Grant Stands Ground at Taft


Three times, Mike Charleston of Grant High gave up his body and took charging fouls Friday night against Taft.

Twice he let All-City wide receiver Steve Smith of Taft ram him without even wearing shoulder pads. Charleston stood up so well he might want to consider dropping basketball for football.

“That’s what a heart-and-guts guy does,” Grant Coach Howard Levine said.

Charleston’s refusal to let his team lose was the difference. He scored 27 points, had 10 rebounds and made eight consecutive free throws in the fourth quarter to help the Lancers pull out an 82-79 victory in a City Championship boys’ basketball first-round game at Taft.


DeWayne Anderson was equally valuable for Grant (20-6), scoring 26 points and grabbing 12 rebounds. The victory sets up a quarterfinal matchup against top-seeded Westchester on Wednesday at Westchester.

“It proves we’re a top-flight team in the Valley,” Levine said of his Sunset Six League champions. “We did it on the road and took their pressure.”

On a night Gilbert Arenas, former Grant guard, dropped by to shake so many hands in the crowd that he could have been a politician, the Lancers made him smile by outgunning the Toreadors (19-7).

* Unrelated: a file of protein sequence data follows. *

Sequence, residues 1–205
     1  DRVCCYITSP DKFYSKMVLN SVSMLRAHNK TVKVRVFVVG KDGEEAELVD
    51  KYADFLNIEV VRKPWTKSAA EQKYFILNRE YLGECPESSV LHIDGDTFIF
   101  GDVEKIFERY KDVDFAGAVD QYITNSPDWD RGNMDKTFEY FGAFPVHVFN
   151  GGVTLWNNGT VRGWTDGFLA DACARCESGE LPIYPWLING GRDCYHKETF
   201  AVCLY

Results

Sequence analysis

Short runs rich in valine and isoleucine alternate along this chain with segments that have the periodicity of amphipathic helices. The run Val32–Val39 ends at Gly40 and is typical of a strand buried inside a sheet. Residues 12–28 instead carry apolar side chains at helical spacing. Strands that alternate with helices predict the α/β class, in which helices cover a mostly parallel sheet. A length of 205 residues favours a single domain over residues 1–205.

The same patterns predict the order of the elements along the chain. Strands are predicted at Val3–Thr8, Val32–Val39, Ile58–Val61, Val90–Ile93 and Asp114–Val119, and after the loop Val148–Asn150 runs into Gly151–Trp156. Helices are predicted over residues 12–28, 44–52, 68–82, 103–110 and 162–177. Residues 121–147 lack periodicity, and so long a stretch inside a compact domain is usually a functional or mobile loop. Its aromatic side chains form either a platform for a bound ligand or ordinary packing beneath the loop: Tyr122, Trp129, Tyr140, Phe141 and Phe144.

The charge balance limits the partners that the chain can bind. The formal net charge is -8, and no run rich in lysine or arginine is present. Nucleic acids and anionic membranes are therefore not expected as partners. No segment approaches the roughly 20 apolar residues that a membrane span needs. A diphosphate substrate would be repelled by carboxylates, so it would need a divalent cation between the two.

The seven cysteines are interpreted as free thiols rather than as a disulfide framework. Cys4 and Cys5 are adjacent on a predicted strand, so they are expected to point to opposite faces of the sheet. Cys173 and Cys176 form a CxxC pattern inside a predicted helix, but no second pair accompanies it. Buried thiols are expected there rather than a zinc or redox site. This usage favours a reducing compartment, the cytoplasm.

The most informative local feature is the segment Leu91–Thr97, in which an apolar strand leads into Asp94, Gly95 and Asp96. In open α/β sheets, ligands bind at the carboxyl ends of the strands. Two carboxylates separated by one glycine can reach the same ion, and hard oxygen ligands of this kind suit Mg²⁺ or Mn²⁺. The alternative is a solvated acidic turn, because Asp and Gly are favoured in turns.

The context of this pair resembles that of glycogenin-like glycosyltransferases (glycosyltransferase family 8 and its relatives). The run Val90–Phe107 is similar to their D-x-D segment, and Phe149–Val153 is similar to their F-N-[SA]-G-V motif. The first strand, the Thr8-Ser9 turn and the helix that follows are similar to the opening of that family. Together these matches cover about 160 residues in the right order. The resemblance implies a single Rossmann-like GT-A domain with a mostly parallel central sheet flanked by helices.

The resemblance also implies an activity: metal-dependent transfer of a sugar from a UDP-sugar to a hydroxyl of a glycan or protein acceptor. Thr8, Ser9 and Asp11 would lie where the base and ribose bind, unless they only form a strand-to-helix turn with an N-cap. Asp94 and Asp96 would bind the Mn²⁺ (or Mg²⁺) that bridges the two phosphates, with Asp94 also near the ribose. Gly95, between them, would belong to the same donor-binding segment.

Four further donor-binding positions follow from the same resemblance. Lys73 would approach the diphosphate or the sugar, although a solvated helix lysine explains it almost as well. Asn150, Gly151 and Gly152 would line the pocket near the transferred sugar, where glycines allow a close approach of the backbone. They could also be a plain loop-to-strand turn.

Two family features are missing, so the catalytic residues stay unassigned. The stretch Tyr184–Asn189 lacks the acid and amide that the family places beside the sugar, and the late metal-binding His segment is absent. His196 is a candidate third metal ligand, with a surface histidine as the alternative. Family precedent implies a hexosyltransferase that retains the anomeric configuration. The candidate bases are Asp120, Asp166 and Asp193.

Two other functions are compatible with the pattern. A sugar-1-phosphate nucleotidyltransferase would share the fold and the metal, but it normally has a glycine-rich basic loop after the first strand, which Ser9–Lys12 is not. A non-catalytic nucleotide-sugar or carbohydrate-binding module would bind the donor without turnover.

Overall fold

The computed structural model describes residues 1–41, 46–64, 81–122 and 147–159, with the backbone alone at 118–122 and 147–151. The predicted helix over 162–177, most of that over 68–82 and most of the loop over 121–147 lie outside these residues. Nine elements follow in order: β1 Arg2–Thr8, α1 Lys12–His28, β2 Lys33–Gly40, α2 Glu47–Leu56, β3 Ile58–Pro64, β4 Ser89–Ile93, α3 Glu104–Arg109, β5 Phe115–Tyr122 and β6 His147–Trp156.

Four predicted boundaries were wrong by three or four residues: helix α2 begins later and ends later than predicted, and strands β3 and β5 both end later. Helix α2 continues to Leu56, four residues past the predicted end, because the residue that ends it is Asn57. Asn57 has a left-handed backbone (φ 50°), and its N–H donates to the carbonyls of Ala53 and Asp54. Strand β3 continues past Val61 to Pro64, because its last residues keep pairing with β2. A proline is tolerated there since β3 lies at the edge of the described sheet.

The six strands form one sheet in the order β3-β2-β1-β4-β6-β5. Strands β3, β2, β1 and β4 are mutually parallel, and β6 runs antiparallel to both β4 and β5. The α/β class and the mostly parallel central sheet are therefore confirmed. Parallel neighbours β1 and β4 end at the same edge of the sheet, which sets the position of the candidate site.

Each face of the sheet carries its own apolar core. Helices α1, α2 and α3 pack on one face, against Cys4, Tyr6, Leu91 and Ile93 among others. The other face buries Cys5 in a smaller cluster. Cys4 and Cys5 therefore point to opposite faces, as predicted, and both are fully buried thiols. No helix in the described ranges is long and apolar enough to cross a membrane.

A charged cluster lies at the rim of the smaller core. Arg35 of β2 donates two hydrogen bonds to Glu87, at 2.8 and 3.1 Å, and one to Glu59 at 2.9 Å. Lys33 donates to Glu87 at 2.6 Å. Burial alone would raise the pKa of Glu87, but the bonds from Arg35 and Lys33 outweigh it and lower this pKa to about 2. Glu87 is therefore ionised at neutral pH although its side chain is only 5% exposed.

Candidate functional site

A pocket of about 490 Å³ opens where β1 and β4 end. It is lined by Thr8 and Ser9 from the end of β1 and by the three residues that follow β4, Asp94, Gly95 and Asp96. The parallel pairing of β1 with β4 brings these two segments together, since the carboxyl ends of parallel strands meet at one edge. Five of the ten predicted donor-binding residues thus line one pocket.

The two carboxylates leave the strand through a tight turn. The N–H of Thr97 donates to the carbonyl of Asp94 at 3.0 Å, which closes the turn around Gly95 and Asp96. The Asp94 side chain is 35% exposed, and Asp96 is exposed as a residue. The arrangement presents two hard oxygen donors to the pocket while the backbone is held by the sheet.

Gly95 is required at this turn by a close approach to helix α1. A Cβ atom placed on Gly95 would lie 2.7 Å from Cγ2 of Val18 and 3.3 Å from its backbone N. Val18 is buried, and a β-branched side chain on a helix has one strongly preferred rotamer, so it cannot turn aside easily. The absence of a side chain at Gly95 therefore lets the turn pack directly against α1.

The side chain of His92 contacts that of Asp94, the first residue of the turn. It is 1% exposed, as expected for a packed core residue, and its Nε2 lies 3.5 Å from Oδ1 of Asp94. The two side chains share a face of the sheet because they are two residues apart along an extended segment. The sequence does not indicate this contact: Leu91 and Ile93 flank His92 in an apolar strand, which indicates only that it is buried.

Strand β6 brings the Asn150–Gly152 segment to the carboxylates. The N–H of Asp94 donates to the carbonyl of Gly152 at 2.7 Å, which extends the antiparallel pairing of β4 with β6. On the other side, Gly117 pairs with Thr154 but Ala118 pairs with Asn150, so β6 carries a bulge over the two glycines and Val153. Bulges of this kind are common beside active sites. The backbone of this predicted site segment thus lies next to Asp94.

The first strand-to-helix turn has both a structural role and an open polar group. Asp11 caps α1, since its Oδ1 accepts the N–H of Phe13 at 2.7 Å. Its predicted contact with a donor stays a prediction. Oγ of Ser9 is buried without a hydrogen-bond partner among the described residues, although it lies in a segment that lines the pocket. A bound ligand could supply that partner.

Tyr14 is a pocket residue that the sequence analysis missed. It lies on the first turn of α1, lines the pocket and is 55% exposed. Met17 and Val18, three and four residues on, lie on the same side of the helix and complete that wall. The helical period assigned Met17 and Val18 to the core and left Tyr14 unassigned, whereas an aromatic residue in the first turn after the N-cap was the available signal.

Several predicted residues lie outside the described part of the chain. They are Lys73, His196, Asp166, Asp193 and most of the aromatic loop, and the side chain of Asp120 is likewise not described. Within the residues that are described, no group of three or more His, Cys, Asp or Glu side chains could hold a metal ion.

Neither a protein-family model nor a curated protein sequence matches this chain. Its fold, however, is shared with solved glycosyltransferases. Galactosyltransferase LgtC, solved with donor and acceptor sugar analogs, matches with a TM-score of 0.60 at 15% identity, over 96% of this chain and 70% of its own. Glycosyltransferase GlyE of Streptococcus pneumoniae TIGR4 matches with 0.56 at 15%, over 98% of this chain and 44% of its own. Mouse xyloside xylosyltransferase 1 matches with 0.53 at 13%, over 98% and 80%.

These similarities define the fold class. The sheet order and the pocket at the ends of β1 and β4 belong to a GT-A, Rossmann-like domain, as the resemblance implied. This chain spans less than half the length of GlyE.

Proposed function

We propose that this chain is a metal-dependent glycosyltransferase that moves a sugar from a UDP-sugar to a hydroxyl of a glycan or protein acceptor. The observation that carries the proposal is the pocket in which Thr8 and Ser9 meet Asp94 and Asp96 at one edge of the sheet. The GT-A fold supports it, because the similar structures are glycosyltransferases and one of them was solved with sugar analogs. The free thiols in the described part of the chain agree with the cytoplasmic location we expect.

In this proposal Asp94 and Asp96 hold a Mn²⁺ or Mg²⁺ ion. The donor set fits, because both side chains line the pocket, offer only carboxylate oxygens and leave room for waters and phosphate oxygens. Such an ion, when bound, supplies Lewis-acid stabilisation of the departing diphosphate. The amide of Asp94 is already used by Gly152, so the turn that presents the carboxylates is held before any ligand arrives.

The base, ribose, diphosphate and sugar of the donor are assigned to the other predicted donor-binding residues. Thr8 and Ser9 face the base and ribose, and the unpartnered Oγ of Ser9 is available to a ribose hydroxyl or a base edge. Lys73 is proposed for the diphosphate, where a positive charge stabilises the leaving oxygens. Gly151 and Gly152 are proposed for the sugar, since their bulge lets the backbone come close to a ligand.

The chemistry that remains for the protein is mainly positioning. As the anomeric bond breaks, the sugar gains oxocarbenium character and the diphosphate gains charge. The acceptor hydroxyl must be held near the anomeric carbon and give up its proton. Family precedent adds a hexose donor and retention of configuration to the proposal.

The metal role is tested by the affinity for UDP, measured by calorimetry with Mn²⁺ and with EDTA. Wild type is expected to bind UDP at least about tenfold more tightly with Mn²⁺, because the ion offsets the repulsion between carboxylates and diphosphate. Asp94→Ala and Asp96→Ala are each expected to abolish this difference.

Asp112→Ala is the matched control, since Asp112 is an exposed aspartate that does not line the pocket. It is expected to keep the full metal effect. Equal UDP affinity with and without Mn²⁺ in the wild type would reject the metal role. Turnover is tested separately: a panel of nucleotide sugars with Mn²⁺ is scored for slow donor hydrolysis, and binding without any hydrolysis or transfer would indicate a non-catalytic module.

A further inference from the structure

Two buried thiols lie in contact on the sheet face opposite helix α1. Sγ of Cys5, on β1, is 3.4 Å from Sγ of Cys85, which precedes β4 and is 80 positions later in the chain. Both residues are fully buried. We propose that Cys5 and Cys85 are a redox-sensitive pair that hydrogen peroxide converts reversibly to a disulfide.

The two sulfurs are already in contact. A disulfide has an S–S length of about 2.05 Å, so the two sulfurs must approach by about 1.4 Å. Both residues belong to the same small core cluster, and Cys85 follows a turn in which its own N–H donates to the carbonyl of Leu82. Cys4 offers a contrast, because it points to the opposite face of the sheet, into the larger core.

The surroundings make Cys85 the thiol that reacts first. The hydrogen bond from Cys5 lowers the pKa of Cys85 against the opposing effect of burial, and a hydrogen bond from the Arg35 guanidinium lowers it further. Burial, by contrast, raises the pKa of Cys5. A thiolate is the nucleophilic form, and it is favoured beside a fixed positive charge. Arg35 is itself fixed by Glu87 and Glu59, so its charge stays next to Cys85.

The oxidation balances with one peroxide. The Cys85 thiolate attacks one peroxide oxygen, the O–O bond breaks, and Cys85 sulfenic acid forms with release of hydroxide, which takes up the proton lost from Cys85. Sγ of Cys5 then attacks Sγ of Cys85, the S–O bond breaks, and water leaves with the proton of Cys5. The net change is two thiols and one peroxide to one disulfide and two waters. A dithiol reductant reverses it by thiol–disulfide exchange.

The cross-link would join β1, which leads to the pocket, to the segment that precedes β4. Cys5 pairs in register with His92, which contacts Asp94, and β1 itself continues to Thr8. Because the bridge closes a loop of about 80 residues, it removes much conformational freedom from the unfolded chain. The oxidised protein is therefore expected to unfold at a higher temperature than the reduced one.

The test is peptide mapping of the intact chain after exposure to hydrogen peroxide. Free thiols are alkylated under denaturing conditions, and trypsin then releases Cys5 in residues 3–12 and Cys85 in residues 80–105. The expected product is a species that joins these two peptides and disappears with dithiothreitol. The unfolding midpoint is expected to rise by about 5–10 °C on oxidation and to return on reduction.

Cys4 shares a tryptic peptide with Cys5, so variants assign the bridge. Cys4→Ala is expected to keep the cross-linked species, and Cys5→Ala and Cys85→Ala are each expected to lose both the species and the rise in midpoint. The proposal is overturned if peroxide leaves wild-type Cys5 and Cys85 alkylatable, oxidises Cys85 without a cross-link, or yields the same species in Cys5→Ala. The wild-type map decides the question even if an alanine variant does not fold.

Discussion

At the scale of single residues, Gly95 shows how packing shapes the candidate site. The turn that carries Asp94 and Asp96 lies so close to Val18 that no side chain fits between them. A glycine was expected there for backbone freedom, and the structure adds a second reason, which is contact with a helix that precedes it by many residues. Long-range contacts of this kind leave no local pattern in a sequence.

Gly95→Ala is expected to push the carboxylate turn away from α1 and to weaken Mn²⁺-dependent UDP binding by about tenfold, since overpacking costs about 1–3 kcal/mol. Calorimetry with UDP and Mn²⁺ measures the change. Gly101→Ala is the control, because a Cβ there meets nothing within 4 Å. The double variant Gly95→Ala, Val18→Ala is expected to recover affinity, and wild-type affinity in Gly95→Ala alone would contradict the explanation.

Anderson kept out-hustling Taft players up and down the court.

“Anderson was the key,” Taft Coach Derrick Taylor said. “He was tougher than our kids.”

Smith scored 31 points, Mustafa Asghari had 25 points and Nima Javaherian had 21, combining for 77 of Taft’s points. But the Toreadors hurried their shots in the fourth quarter and couldn’t convert at crucial moments.

Taft had the ball trailing, 78-76, when the Toreadors threw it into Charleston’s hands with 21 seconds left. He was fouled and made both free throws.

Asghari hit a three-point basket with four seconds left, cutting Taft’s deficit to 80-79. Charleston made two free throws with three seconds left. Smith missed a potential game-tying three-point shot at the buzzer.


“It feels great,” said Anderson, who quit the team in December, returned in January and has been on a scoring tear through February, averaging 24 points.

Said Levine: “Anderson seems to be a man possessed right now.”

But the 6-foot-6 Charleston remains the player Grant counts on during good and bad times.

Even when the Lancers lost their starting center, Kevin Bernard, to a knee injury, Charleston kept finding ways to increase his contributions.

“He’s the soul of this team and I don’t think we would have been able to withstand the problems we’ve had without Charleston putting his heart into every game,” Levine said.

Taylor added his respect for Charleston.

“He does a little bit of everything and he’s sneaky good,” Taylor said.

Charleston took everything in stride.

“It was just like any other game--give it all you have,” he said.